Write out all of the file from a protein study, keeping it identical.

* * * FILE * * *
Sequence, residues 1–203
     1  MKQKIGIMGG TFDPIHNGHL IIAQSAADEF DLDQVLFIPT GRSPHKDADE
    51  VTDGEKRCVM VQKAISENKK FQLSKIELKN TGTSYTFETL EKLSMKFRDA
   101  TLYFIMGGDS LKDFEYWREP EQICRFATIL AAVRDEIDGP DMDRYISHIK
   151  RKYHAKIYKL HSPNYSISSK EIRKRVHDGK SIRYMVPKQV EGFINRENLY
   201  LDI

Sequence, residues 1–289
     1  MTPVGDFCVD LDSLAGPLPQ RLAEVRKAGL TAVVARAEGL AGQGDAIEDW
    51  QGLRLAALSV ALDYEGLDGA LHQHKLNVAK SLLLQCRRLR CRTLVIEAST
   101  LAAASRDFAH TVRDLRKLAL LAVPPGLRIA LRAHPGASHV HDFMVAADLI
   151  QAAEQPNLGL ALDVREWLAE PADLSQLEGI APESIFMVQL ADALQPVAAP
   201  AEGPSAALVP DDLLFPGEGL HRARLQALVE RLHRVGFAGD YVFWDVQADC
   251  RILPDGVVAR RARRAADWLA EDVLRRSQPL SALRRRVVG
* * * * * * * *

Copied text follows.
Sequence, residues 1–203
     1  MKQKIGIMGG TFDPIHNGHL IIAQSAADEF DLDQVLFIPT GRSPHKDADE
    51  VTDGEKRCVM VQKAISENKK FQLSKIELKN TGTSYTFETL EKLSMKFRDA
   101  TLYFIMGGDS LKDFEYWREP EQICRFATIL AAVRDEIDGP DMDRYISHIK
   151  RKYHAKIYKL HSPNYSISSK EIRKRVHDGK SIRYMVPKQV EGFINRENLY
   201  LDI

Sequence, residues 1–289
     1  MTPVGDFCVD LDSLAGPLPQ RLAEVRKAGL TAVVARAEGL AGQGDAIEDW
    51  QGLRLAALSV ALDYEGLDGA LHQHKLNVAK SLLLQCRRLR CRTLVIEAST
   101  LAAASRDFAH TVRDLRKLAL LAVPPGLRIA LRAHPGASHV HDFMVAADLI
   151  QAAEQPNLGL ALDVREWLAE PADLSQLEGI APESIFMVQL ADALQPVAAP
   201  AEGPSAALVP DDLLFPGEGL HRARLQALVE RLHRVGFAGD YVFWDVQADC
   251  RILPDGVVAR RARRAADWLA EDVLRRSQPL SALRRRVVG